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I am trying to catch the save event on listviews, not the list itself. This is so that i can stop saving of certain views.

I have tried List SPListEventReciever, but this seems to only catch events on the list itself, not the views.

EDIT: As mentioned in comment below, the views im trying to stop people saving are the default views on external lists.

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Can you give more details of what kind of views you want to prevent? The short answer is no, there's no such event you can intercept, but if you give us more details we might be able to come up with an alternative solution. –  Rawling May 31 '12 at 12:09
    
The specific views is the default view (public) on external lists that are marked as to be on quick launch. All evidence so far points to it not being possible, but thought i might give SO a chance before i give up. –  ruffen May 31 '12 at 19:44
    
Oh, so you want people to be able to create their own views, but not alter the existing, default view? –  Rawling May 31 '12 at 20:04
    
bingo! pretty much we want to have the default views as templates, and let users create their own public views to share –  ruffen May 31 '12 at 21:21
    
Do the users need to be able to modify the lists (add/remove columns etc.)? If not... I think if you remove this permission they can still create personal views. Then you could create a custom action that lets them select a personal view, and then under elevated privileges it creates a copy of that view that is public, not personal. Would that do? –  Rawling Jun 1 '12 at 7:38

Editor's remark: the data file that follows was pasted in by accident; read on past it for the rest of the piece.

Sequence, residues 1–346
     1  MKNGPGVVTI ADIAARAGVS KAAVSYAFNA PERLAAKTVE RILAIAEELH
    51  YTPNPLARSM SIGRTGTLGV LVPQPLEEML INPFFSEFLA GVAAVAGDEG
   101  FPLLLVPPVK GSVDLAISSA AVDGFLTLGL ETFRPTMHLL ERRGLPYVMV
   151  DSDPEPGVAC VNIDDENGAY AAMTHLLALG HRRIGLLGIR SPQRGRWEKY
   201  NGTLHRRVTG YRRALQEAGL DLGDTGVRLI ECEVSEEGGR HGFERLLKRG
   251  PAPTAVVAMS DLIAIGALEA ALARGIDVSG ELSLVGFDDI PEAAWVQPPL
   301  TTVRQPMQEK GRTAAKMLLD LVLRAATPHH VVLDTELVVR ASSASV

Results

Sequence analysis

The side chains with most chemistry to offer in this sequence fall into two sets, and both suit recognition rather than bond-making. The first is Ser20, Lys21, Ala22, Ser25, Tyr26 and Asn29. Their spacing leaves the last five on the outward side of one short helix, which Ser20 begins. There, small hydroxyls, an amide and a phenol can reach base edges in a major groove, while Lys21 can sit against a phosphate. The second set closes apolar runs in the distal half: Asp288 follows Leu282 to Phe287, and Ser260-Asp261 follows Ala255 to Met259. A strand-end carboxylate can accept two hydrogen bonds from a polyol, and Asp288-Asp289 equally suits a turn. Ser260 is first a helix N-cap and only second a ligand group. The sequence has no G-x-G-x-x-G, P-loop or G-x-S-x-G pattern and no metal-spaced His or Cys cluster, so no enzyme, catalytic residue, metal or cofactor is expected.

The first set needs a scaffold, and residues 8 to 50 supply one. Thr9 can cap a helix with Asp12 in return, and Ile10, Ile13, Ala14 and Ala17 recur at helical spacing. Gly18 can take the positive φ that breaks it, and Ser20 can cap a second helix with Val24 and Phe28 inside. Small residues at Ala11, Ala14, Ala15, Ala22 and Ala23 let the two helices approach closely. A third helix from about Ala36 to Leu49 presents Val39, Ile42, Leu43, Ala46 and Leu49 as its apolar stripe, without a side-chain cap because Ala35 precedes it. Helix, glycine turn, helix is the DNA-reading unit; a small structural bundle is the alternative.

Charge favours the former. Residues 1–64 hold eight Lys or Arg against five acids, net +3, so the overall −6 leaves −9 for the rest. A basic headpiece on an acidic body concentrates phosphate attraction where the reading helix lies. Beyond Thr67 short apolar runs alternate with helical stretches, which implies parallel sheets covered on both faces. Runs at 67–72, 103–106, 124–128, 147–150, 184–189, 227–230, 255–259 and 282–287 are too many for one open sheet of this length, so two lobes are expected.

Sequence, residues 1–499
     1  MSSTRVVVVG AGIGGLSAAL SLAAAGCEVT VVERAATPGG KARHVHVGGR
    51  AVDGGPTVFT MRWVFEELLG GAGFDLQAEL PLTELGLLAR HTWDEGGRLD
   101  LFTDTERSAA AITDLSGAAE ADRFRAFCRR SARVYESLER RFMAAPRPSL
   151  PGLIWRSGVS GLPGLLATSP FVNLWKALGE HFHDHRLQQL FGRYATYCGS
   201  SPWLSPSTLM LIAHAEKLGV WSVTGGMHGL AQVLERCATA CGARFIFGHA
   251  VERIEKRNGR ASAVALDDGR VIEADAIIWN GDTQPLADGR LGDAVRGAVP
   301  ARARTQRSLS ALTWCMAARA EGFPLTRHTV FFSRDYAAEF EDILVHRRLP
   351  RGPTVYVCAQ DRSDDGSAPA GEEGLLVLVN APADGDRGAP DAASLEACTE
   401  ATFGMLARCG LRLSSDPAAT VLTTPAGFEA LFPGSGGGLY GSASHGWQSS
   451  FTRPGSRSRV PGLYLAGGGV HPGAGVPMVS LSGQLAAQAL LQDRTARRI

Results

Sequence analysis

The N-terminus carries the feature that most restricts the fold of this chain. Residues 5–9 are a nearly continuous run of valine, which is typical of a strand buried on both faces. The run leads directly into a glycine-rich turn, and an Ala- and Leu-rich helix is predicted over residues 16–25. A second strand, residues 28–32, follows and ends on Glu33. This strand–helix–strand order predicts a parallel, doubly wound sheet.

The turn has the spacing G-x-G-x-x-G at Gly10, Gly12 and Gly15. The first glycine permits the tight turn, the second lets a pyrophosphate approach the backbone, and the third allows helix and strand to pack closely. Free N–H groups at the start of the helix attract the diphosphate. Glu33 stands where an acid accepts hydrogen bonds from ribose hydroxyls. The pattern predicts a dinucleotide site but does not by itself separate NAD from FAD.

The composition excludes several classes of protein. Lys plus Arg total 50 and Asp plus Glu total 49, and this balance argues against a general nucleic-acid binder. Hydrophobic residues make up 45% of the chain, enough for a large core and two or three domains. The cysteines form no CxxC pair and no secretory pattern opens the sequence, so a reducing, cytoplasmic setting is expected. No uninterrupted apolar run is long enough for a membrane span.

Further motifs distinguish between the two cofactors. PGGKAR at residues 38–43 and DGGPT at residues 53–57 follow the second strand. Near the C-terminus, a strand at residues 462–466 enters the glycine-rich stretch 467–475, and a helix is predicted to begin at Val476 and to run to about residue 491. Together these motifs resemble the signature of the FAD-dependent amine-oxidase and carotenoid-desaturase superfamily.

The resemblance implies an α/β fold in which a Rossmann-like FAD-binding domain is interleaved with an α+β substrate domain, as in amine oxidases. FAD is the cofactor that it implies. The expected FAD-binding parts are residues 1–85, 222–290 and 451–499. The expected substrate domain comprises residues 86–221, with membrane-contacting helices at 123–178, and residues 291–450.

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up vote 1 down vote accepted

In your situation, I'd try the following:

  • Remove regular users' permission to modify lists at all (if this is acceptable). This should still let them create personal views.
  • Write code that will take a personal view, analyse it, (delete it?) and (using elevated privileges) create an equivalent public view. (You can't just change the PersonalView property, sadly.) Be careful to capture everything a user can do on the create-a-view UI - this will be the trickiest part.
    • Optionally write similar code to allow a view to be switched from public back to personal (checking it's not the default view or any other view you're trying to protect.)
    • Optionally keep track of who "owns" one of these custom views, for example in a hidden list, and only allow the owner to take a view back to personal.
  • Write an interface to this code, e.g. an application page allowing a user to select from the relevant views, or a custom action on the ribbon.
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